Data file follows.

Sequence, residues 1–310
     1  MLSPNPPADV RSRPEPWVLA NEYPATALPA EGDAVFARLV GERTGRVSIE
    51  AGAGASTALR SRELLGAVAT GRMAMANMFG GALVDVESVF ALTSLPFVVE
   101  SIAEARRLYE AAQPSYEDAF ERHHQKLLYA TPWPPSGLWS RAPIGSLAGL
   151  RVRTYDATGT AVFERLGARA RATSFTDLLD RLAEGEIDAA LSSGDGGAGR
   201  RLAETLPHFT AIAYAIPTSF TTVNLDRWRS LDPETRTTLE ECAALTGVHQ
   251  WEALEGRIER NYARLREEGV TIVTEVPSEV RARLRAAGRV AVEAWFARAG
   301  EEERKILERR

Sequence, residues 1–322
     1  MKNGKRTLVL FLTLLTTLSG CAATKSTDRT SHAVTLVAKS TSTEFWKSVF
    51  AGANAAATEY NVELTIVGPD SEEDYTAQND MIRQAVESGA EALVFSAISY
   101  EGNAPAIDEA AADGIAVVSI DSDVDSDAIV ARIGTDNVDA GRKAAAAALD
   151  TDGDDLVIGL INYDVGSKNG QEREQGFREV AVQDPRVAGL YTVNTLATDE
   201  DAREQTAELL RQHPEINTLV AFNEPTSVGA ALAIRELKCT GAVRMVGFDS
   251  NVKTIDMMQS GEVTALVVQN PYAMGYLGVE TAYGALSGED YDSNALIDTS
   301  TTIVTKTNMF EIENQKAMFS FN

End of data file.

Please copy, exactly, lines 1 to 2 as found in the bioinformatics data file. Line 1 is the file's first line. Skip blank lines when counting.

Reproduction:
Sequence, residues 1–310
     1  MLSPNPPADV RSRPEPWVLA NEYPATALPA EGDAVFARLV GERTGRVSIE